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Wednesday, 03 September 2014

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Campaigners to continue flood cash fight for Cumbria

Campaigners will continue their fight to protect Cumbrian communities from flooding.

Keswick Flood Action Group photo
Lynne Jones

Members of Keswick Flood Action Group say they will keep battling for future funding for defence schemes.

The rallying cry comes after the county’s hopes of securing cash for more flood defence projects were sunk.

None of Cumbria County Council’s 10 proposals for surface water management schemes were approved for a share of £344m of government money.

Eight of the projects were for flood defences and two were to protect properties.

However, the county has secured more than £2m for five other schemes.

The cash will be spent on Gategill Beck at Threlkeld, Barepot in Workington, Skirting Beck in Ulverston, and Lyth Valley.

The rest will go toward restoration work on the rivers Kent, Derwent and Eden.

More than £1m has also been granted for a pumping station at Elliot Park in Keswick, design work for an upland storage scheme at Ambleside Road in Keswick, and design work for proposals at Orgill Estate in Egremont.

And more than half of the cash will be spent on various river works and investigation by the Environment Agency.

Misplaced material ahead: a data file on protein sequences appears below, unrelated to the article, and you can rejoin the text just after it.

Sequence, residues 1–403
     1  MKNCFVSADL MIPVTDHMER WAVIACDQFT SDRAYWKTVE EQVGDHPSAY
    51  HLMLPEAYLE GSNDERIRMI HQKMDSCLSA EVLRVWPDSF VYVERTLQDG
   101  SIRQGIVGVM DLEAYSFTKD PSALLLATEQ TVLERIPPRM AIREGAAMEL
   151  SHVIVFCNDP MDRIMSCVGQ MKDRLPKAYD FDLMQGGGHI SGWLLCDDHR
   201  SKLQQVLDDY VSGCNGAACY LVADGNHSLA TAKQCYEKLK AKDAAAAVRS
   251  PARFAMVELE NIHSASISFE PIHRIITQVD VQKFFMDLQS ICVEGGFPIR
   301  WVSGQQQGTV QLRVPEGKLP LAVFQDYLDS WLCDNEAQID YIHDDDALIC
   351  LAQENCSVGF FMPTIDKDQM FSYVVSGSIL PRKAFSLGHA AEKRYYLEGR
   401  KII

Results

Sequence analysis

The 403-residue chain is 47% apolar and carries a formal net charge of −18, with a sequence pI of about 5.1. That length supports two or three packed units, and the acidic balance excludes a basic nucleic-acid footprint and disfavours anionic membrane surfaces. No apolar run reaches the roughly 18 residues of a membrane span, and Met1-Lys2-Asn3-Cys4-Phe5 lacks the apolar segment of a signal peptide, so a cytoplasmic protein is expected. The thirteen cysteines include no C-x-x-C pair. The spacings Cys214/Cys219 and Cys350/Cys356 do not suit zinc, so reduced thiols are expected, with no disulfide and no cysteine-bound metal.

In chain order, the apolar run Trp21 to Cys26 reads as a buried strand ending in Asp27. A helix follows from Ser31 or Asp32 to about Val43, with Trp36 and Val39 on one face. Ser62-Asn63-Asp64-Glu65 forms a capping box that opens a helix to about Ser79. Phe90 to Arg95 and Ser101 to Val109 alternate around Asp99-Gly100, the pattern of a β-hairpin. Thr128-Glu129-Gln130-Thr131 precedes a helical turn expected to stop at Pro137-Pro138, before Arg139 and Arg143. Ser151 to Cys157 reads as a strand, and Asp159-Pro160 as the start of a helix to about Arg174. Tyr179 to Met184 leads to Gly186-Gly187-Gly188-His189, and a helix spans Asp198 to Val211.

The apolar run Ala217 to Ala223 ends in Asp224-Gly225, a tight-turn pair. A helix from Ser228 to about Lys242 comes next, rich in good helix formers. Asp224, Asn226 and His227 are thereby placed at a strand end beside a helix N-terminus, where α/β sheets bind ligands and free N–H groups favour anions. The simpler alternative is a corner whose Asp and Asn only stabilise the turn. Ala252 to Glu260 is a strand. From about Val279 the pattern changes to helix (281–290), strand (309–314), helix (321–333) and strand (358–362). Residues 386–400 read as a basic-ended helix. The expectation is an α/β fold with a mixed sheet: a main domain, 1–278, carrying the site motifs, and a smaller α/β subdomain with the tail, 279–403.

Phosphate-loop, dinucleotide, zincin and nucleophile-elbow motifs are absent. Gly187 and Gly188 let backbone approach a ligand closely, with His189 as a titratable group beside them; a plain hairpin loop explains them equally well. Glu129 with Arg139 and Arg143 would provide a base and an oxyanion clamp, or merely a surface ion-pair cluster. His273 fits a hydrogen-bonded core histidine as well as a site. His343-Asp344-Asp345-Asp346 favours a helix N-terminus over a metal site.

Lynne Jones, vice chairman of the Keswick Flood Action Group, was delighted to have secured the money but insists the fight for more protection will go on. She said: “We have been campaigning for eight years and acting as a go-between for cash-strapped councils and communities devastated by flooding, so it hasn’t been easy.

“But we will continue to battle for the Penrith Road project in Keswick and hope there will be more money in future.”

She also expressed the group’s gratitude to the Environment Agency and the county council for their work on surface water flooding solutions.

Cumbria County Council admits it is disappointed to miss out on the Government cash, but will also continue trying to secure future flood defence funding. Keith Little, cabinet member responsible for flood protection, said it was right that efforts are currently concentrated on helping communities devastated by recent floods in the south west.

But he added: “There are still communities in Cumbria who would be at risk if the weather event happened to be over this county next time – so Cumbria's case still needs to be considered.

"It’s disappointing that schemes that we thought would have a good chance of securing funding this year will have to be deferred for at least another year, although we appreciate that Cumbria has benefitted from £55m of investment in flood defences over the last 10 years.”

Mr Little said the Environment Agency’s commitment to keep funding other ongoing projects in the north west has pushed Cumbria down the league table.

He added though that the fact the county’s schemes scored highly enough in other funding rounds provides hope that they can win next year.

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